Levels of cell-free DNA and DNAse I activity in complicated and normal pregnancies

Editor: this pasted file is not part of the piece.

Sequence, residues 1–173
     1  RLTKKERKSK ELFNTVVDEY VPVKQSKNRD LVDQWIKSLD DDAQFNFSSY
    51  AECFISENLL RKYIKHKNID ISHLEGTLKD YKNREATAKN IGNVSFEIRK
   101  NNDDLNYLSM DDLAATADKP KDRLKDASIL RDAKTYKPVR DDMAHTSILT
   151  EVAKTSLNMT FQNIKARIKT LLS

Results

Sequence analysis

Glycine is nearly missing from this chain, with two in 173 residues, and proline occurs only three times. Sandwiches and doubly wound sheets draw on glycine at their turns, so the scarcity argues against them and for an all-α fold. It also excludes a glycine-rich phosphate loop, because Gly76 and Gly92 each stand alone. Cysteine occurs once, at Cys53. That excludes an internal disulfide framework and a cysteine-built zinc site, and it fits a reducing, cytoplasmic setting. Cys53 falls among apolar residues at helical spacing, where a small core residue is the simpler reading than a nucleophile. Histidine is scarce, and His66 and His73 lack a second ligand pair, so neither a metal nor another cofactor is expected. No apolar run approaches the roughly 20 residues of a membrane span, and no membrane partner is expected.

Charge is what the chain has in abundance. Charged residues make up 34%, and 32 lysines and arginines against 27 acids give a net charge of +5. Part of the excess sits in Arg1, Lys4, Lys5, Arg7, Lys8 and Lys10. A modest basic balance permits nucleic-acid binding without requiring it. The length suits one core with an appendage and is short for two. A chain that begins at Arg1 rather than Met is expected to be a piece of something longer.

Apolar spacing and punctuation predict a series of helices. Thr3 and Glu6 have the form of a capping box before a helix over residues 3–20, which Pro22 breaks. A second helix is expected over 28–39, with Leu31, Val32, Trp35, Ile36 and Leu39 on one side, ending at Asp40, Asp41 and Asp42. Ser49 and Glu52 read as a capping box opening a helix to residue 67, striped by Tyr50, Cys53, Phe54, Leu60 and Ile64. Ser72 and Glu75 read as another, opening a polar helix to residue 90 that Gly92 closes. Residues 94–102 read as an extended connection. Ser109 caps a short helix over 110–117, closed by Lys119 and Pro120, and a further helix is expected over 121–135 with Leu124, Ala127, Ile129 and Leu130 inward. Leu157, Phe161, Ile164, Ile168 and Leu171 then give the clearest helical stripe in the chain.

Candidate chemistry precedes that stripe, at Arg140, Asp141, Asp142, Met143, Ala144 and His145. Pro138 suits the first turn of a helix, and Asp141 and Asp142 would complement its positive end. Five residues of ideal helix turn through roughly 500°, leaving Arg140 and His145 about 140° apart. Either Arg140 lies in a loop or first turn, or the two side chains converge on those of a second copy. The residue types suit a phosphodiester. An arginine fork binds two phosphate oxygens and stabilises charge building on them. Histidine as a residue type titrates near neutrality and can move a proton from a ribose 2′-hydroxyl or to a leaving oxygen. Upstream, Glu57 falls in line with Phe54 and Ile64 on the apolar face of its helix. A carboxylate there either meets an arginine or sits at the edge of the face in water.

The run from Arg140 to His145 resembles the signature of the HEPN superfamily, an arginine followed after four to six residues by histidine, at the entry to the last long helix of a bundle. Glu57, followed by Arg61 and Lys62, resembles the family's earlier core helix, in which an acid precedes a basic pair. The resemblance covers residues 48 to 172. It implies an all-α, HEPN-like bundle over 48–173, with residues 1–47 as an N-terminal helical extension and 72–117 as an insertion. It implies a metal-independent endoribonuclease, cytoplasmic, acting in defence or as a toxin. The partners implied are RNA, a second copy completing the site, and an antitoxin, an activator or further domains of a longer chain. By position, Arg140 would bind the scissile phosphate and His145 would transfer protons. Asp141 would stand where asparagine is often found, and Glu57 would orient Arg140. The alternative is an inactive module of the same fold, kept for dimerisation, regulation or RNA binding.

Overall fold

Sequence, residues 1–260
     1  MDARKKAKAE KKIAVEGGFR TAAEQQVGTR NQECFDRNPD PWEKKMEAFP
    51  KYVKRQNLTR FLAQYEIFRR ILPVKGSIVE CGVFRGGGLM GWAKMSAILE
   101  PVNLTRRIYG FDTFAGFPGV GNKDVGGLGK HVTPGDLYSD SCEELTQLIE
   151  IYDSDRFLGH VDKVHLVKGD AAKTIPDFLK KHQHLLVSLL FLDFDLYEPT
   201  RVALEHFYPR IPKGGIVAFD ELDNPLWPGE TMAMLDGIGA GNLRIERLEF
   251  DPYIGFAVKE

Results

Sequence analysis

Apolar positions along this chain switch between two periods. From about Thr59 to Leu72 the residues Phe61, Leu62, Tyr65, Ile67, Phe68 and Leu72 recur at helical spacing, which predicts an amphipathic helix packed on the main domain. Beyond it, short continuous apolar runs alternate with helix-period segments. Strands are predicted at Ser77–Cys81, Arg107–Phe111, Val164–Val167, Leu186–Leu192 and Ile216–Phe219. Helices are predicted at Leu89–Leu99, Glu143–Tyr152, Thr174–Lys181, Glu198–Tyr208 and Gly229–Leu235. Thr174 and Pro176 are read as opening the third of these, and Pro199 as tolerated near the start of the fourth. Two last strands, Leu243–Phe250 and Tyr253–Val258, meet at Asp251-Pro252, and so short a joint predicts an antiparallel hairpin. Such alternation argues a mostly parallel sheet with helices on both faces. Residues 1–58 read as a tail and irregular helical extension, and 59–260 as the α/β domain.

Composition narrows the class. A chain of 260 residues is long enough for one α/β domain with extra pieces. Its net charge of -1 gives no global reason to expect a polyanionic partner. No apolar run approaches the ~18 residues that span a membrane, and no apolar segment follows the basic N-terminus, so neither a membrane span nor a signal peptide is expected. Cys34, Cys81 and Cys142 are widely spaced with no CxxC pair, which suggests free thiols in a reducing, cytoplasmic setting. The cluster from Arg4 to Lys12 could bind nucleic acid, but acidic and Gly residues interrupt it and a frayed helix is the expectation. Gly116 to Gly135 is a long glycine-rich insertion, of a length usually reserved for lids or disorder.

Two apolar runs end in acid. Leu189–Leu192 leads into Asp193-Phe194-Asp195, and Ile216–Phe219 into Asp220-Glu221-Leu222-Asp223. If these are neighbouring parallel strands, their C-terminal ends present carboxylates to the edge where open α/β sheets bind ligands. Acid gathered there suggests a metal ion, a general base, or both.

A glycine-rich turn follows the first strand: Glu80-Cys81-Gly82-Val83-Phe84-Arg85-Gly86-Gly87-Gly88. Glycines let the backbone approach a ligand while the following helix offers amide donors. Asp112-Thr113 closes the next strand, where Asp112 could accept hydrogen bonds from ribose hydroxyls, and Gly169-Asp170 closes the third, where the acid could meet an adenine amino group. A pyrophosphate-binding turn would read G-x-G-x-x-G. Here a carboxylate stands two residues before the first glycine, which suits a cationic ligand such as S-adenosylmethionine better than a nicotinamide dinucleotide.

Placental pathology is accompanied by the activation of apoptosis in the trophoblast and the subsequent increase in the concentrations of microvesicles containing placental (or fetal) DNA accumulating in the maternal blood. Fragments of fetal DNA stimulate the release of nuclear and/or mitochondrial DNA fragments by neutrophils. Therefore, one can expect that complicated pregnancies will be characterized by the dramatic elevation of total cell-free DNA (cfDNA) levels in maternal plasma. The aim of this work was to study the dynamics of plasma cfDNA concentrations and the activity of DNase I, an enzyme involved in the elimination of cfDNA from the bloodstream, in nonpregnant and pregnant women. Our study recruited 40 healthy nonpregnant women, 40 women with uncomplicated pregnancies and 35 women with the intrauterine growth restriction (IUGR) of the fetus. We did not observe the elevation of the total cfDNA concentrations in the patients with complicated pregnancies. Moreover, cfDNA concentrations in their plasma were even lower (though this difference was statistically insignificant) than in healthy pregnant and nonpregnant women. The median values of cfDNA concentrations in the group of healthy nonpregnant women were 75.5 ng/ml; in the group of healthy pregnant women, 78.0 ng/ml; and in the patients with IUGR, it was 42.1 ng/ml. At the same time, we observed a significant increase in DNase I activity in the plasma of women with IUGR. The median DNase I activity in the groups of healthy pregnant and nonpregnant women was 3.0 and 3.4 IU/ml, respectively. In patients with different grades IUGR of the fetus this parameter was as high as 6.3 IU/ml (р < 0.001). Increased DNase I activity in the plasma of women with complicated pregnancies indirectly suggests a transient elevation of circulating cfDNA levels. Our study shows that the high level of activity exhibited by the cfDNA elimination system impedes the analysis of cfDNA concentrations in complicated pregnancies and skews its results. However, if cfDNA, DNase I activity and cfDNA/DNase I ratio were all taken into account, it could be possible to develop a tool for the monitoring of cell death in the mother throughout the entire pregnancy.